> 64 bit binaries - the only case where you are able to run more than one
> architecture in the same system is when executing 32 bit binaries on a
> 64 bit platform with a backward compatibility mode for 32 bit. (AFAIK,
> this is not only the case for x86, but for some other platforms, too).
>
> The only info we should include into the soprovides/depends is whether
> we have a 32 bit or a 64 bit binary. There shouldn't be an explicit
> statement about architecture.

Taking a step back here, if we want to not lock ourself into ELF-only
(OSX does not use it), it sounds like using objdump due to it's use of
the BFD backend which understands multiple file formats. From objdump
-a, although the output is rather arcane, we should always be able to
get the file format of the library, which I believe is the most
important to matching what the linker does.

Sidenote: I saw this when running objdump --info on my x86_64 box:
plugin
(header little endian, data little endian)
BFD: BFD (GNU Binutils) 2.21.0.20101217 assertion fail
/build/src/binutils/bfd/plugin.c:453
objdump: plugin: Bad value


>> So there is a real problem that you can not get the correct value out of
>> the library on i686 systems. *We could use CARCH, but that does not work
>> for multilib stuff, which was the entire point of including it in the
>> first place...
>
> I think my previous comments should make this irrelevant, unless I am
> completely wrong.
>
>>>> and if we do keep
>>>> it, it has *nothing* to do with a version in the normal ordering
>>>> sense- it would belong as part of the provision name.
>>>
>>> I had that before and Allan didn't like it.
>>>
>>> http://mailman.archlinux.org/pipermail/pacman-dev/2010-February/010420.html
>>>
>>>
>>
>> I did not like provides=(libfoo.so) magically turning into
>> "libfoo.so-i686" in the .PKGINFO file. *The details of the package
>> should reflect what is in the PKGBUILD.

See, this is what I still don't understand. Is this libprovides, or is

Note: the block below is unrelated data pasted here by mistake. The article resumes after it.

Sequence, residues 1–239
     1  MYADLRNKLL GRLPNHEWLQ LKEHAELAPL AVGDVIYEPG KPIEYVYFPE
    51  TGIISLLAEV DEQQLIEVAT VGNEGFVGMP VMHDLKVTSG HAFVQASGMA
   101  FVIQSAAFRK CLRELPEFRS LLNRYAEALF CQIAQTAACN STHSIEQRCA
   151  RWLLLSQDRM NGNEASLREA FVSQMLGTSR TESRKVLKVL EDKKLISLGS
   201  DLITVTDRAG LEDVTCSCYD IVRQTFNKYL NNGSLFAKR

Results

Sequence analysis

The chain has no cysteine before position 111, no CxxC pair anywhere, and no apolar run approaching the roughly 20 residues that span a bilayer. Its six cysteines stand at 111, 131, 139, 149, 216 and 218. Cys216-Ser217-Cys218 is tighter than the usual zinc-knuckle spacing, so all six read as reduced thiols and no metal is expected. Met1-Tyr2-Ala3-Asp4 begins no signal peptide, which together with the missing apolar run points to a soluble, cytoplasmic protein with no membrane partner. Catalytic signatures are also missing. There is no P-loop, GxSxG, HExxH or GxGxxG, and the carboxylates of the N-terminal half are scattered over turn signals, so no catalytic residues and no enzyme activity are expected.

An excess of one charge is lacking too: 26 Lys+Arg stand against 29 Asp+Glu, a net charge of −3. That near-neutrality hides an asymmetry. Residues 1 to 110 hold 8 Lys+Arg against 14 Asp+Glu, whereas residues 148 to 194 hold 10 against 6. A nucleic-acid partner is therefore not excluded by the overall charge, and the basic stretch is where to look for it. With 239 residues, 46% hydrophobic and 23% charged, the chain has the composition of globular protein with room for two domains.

this "well we'll hijack your provides array sometimes depending on
what you put there".

It *still* hasn't been explained how this thing works in either a
commit message or docs. Do I include soprovides=() in my PKGBUILD? Do
I need to insert something in provides=() to get a library to show up
in the final package? Is it all completely automatic- all libraries in
the package get an automatic provide entry generated? This is why I am
so damn frustrated with these patches.

>
> So, to summarize:
>
> 1) Dan does not want a new PKGINFO field to be introduced for this.
Where did I say that- if I did, I'm not remembering.

> 2) Allan does not want any auto-generated meta-info in the provides and
> depends in PKGINFO.
No, he stated he doesn't want *magic changes* to data the user
specified in the PKGBUILD. I think he and I would be more comfortable
if this was less magic.

> 3) Dan does not want non-versioning information in the version field in
> provides/depends in PKGINFO.
Sure.

> Where does that leave us? Essentially, we cannot get this feature
> implemented, as all those restrictions combined leave us with no
> options. Clearly, you don't see any options either, as you only provide
> destructive criticism, no suggestions on how you think it should be done.
 
Old 01-21-2011, 04:45 PM
Florian Pritz
 
Default makepkg: add soprovides support

On 21.01.2011 18:35, Dan McGee wrote:
> It *still* hasn't been explained how this thing works in either a
> commit message or docs. Do I include soprovides=() in my PKGBUILD? Do
> I need to insert something in provides=() to get a library to show up
> in the final package? Is it all completely automatic- all libraries in
> the package get an automatic provide entry generated? This is why I am
> so damn frustrated with these patches.

We had all 3 versions and the current patch works as follows:
You add something like "provides=(foo bar libfoo.so)" to the PKGBUILD.
The function searches all provides in the whole pkgdir and filters that
list using your provides array. It then removes your entries
(versionless) and adds those it found (with version).

--
Florian Pritz -- {flo,bluewind}@server-speed.net
 
Old 01-21-2011, 05:09 PM
Thomas Bächler
 
Default makepkg: add soprovides support

Am 21.01.2011 18:35, schrieb Dan McGee:
> Wow, this degenerated into a flamewar quickly.

I deleted all flames before submitting this post. That said, I was a bit
pissed about that last part of Allan's post.